In the last couple of years, my love for bodybuilding has grown enormously. I have experienced several cycles of "cutting" and "bulking", in which I have learned invaluable knowledge on how to lose weight. With a "cut" meaning to shed body fat. And a "bulk" meaning to gain weight and muscle. My experience has helped me debunk several myths on the topic of losing weight and preserving muscle mass when dieting.
During each "cut" (see photo below) I had the task of losing 30lbs and achieving a six pack, whilst maintaining my muscle mass. Losing muscle during this process was my biggest anxiety.
My First Cut
In order to achieve my goal, I lost weight gradually, aiming for 2lbs max per week. This slow weekly weight loss allowed me to keep my calories fairly high at 2,000, yet still burning fat.
I also kept my protein intake high, consuming one gram of protein per lb of bodyweight, spaced out evenly throughout the day, across six meals. This high protein intake approach was adopted to keep my body in a positive nitrogen balance, with amino acids constantly fueling my muscles. This was to prevent breakdown and loss of muscle tissue.
My weight lifting schedule was also kept constant, keeping strength high and the muscles a reason to stay the same size. Exercises, reps and rest was changed now and then, but the frequency of sessions was kept constant with lifitng on a four day split. This split consisted of the following:
- Day 1: Chest and triceps
- Day 2: Back and biceps
- Day 3: Shoulders and traps
- Day 4: Legs and calves
Then day 1 would be repeated in similar fashion.
Foods eaten were strictly "clean", meaning unrefined, healthy and nutritious. No foods contained "empty calories" such as fizzy drinks and chocolate. From researching, I was aware that consuming sugar would raise insulin levels, and decrease testosterone levels. This would have created an unwanted hormone balance, that would in theory blunt fat burning. I always knew that high testosterone levels were effective for cutting body fat, and insulin was being known for storing fat in the body.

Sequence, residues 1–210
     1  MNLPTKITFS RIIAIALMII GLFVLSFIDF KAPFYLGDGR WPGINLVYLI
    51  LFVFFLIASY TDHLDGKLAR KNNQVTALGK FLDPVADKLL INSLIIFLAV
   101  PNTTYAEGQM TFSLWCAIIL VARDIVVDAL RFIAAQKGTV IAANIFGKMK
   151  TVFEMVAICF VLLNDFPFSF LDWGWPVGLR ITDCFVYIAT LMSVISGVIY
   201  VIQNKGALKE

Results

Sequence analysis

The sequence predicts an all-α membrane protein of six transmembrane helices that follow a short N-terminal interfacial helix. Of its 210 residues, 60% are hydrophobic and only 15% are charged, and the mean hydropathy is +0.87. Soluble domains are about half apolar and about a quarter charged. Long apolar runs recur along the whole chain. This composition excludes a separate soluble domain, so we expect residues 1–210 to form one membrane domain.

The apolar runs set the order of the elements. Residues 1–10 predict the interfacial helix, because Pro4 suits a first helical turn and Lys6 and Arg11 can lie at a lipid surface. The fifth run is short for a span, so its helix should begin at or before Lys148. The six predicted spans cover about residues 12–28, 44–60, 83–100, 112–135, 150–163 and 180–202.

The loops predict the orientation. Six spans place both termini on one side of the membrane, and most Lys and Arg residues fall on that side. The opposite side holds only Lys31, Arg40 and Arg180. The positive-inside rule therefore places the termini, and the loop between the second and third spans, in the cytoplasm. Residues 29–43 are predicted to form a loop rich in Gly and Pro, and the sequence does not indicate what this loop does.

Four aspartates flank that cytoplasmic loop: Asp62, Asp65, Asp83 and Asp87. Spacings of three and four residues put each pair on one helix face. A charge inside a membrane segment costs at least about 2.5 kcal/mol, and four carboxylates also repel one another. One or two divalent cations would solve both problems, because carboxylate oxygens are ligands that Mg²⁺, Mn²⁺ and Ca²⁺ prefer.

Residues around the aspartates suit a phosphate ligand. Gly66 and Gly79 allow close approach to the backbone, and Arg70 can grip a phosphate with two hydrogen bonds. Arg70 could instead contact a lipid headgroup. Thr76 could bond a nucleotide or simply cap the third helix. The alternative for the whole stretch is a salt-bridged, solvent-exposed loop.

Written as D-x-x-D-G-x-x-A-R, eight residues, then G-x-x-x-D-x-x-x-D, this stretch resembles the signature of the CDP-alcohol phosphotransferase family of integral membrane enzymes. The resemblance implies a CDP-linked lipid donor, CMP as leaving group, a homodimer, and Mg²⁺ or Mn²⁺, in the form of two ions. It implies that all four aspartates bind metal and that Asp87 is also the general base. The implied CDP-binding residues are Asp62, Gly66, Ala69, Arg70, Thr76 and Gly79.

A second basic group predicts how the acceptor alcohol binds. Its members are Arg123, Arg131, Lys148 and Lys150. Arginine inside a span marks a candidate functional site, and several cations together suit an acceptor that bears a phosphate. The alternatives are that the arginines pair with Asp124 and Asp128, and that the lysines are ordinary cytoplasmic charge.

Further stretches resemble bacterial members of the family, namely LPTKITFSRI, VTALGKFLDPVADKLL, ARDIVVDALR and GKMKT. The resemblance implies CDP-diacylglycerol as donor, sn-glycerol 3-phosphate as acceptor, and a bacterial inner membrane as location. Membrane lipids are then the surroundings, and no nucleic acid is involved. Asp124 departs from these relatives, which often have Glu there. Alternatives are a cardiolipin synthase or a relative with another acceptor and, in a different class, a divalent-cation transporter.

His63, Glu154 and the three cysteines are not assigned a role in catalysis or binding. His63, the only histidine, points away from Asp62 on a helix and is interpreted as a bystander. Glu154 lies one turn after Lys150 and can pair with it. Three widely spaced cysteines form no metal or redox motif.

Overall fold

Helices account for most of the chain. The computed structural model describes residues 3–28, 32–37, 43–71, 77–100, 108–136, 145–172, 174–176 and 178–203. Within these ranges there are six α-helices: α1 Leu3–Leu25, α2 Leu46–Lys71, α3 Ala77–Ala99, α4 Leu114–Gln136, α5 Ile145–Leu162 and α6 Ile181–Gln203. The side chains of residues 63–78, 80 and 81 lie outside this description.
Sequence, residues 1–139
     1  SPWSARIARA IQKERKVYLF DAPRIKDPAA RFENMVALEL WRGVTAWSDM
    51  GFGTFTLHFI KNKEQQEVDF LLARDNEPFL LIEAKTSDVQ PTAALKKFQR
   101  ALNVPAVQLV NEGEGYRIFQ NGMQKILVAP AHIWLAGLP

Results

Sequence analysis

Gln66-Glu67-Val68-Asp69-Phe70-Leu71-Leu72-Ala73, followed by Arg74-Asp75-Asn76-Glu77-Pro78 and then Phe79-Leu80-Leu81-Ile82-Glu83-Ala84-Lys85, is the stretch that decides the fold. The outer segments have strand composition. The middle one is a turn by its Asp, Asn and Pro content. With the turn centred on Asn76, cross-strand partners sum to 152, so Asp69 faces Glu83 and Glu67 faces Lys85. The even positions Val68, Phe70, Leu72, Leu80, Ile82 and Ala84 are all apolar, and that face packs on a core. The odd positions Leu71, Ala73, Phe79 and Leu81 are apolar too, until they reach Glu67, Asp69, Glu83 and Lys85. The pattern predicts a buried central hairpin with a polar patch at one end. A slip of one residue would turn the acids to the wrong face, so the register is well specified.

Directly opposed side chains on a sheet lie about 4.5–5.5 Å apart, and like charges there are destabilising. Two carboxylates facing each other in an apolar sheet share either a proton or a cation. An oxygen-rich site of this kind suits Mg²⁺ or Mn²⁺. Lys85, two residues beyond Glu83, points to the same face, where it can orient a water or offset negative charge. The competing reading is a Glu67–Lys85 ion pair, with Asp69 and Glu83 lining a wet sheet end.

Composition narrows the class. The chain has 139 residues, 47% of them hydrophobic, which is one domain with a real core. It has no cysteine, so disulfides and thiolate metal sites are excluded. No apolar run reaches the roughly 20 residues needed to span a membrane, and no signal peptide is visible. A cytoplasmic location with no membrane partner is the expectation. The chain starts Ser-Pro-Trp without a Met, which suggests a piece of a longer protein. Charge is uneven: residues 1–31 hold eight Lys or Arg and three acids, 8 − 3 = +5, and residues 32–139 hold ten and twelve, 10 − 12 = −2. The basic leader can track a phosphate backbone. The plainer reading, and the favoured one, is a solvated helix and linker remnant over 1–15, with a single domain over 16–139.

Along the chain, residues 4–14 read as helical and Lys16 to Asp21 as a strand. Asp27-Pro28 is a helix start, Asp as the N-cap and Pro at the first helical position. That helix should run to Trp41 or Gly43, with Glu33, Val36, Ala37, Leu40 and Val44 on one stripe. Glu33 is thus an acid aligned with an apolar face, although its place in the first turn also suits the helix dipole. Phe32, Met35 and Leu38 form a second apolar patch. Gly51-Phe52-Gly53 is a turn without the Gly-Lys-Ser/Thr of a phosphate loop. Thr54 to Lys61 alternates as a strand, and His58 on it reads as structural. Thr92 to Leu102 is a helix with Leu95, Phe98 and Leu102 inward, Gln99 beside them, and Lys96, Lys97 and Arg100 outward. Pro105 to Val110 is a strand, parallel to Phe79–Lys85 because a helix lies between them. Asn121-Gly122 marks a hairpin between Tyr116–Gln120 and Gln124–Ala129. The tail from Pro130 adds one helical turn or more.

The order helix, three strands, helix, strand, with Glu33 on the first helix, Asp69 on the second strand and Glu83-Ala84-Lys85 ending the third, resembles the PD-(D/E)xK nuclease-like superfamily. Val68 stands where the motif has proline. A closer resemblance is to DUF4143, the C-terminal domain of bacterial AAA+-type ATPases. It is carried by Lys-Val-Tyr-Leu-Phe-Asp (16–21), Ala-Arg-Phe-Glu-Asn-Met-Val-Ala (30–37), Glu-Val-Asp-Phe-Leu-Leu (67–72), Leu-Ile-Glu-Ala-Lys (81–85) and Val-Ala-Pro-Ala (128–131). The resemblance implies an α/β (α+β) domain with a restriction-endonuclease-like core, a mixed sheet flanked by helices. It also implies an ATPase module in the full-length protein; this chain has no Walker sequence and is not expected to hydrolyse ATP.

I achieved a desired six pack look and lost all the weight I needed by counting calories, sticking to my diet and weighing myself each morning. However, it wasn't easy. I had to consume endless amounts of tuna, eggs and protein shakes to meet my protein requirements. And I set myself the challenge of creating an easy, yet succesful strategy
when it came to my next "cut".
My second cut
Before my second cut, I did a lot of research and thinking of easy weight loss strategies. I first thought of prisoners that had gone through crazy transformations inside, going from skinny to jacked. Then I thought of their diets. There would be very little chance they could keep to the rule of 1 gram of protein per pound of bodyweight. So then I began to question this "protein" rule, which everybody else in the fitness world swears by.
Another topic that got me thinking, is how some people can eat junk, yet still remain at a low body fat percentage. Surely all the insulin released from eating junk foods would result in increased body fat? Real life evidence suggested not.
I questioned how healthy eating correlated with weight loss even more so when I read that a doctor named Mark Haub lost 27lbs in two months on a "twinkie diet". His diet included junk foods such as twinkies, doritos, oreos, powdered donuts and sugary cereals. The conclusion of this news made it evident to me that weight loss is purely
about calories in vs calories out. If the calories in was less than the calories out, then weight loss would occur.
Thus with these thoughts in mind, I decided to scrap protein intake of around 200 grams a day. Instead I would consume less than 10 grams each day. Plus I would incorporate junk foods every day in my diet, but still eat in a calorie deficit.
My theories were proved true. I lost weight in almost identical fashion to the first cut, despite eating crisps, chocolate and pizza on a daily basis (as opposed to brown rice, potatoes and tuna). I achieved sub 10% body fat, revealing my six pack. I also maintained my muscle mass, just as well as my first cut.
This proved to me that protein intake did nothing for preserving muscle, and in fact, the most important factor in retaining my muscle size was to eat in a small calorie deficit.